Works Cited

Lieberman, Dave. “Noodle Kugel.” Food Network, Food Network, 5 Sept. 2014, www.foodnetwork.com/recipes/dave-lieberman/noodle-kugel-recipe-1946564.

Marks, Gil. “The History of Kugel.” Joy of Kosher, Jamie Geller, 1 Sept. 2011, www.joyofkosher.com/blogs/the-history-of-kugel/.

Kitchen Time FINAL

The start of my kitchen time really began when I walked into Walmart to purchase my ingredients for Noodle Kugel. While walking down the aisles of food selecting ingredients was strange because I haven’t been grocery shopping in a long time, because I normally eat on campus at either the caf of Bucks bar and grill. Once I checked out I went to my friends house to start cooking this traditionally Jewish dish. Cooking at another house didn’t feel much different then cooking at my house, expect that my friend has a cat which kept trying to smell all the ingredients.

I set out my ingredients and stirred the mixture together while I also cook the noodles to get them at the correct texture. When I was finished boiling the noodles I set half of the noodles at the base of the pan.

Then I proceeded to pour the mixture of ingredients on top of the first layer if noodles. After that I poured the mixture on top I put another layer of cooked noodles on top.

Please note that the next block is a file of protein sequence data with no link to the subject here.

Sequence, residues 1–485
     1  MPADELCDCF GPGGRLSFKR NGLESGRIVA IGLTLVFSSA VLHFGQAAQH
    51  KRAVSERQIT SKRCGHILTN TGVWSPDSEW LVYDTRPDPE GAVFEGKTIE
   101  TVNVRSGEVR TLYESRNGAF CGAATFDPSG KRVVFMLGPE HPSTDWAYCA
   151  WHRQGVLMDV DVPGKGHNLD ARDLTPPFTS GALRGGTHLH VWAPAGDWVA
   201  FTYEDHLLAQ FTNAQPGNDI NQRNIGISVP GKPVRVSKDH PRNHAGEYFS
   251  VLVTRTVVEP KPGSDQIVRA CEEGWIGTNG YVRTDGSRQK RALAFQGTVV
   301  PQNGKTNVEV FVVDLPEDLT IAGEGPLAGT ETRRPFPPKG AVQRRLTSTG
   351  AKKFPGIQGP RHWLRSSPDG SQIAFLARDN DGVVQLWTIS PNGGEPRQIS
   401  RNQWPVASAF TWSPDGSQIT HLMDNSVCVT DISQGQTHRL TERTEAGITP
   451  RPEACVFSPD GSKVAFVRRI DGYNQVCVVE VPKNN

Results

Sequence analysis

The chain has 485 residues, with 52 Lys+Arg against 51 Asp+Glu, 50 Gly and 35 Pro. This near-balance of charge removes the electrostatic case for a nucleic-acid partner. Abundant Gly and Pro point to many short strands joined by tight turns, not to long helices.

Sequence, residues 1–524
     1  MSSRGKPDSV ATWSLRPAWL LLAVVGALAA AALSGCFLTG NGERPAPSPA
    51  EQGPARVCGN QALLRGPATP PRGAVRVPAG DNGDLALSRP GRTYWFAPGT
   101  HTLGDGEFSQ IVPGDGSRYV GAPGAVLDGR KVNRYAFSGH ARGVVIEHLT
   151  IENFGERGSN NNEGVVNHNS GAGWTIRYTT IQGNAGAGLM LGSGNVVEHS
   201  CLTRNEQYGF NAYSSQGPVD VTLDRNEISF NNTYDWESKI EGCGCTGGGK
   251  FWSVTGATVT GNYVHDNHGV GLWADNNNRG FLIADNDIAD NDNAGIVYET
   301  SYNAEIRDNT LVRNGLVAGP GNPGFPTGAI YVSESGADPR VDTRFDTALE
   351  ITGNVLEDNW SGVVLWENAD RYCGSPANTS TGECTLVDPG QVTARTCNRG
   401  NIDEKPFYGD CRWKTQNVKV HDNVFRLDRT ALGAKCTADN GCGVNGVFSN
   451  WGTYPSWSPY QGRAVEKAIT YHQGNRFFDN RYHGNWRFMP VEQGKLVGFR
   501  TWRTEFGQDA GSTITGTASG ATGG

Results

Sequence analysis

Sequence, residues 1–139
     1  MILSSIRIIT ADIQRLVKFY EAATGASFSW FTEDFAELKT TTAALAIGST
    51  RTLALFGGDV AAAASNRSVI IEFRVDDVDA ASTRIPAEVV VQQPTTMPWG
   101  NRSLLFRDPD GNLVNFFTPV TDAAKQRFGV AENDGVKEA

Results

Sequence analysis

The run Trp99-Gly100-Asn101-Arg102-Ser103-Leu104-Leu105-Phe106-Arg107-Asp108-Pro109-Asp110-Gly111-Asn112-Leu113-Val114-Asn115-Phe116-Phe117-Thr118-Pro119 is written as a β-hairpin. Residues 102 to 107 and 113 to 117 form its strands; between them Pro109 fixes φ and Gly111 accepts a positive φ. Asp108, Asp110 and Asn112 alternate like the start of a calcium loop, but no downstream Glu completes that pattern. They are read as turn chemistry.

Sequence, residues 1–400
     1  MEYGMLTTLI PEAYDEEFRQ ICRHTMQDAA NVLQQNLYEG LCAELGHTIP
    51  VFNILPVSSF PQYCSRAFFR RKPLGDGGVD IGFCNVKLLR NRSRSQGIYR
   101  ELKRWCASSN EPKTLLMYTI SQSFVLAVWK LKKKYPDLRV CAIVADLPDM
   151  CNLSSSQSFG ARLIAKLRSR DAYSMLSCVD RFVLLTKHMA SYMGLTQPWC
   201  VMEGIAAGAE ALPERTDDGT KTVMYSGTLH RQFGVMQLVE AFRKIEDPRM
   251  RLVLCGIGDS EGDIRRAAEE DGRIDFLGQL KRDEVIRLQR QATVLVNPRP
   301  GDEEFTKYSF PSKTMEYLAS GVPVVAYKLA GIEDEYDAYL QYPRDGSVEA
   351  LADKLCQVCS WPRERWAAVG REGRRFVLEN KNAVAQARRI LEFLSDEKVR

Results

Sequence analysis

At this point I preheat the oven to 375 degrees fahrenheit . The food is ready to be put into the oven. Kugel doesn’t have its own particular smell so there were no smells associated with making this dish.

Then the dish had to cook for 45 minutes before it was completed…FINALLY!! The dish is completed.

Indigestion Paper

In this paper below I will be discussing possible disagreements regarding the ethical viability of my dish. Which is the worst-case scenario for well-being, social justice, environmental justice, and religious freedom around my dish.. This dish is derived from the Jewish faith and is used during some Jewish holidays. Due to this dish being from a faith background I really had to stretch and claw to find these disagreements regarding its ethical viability.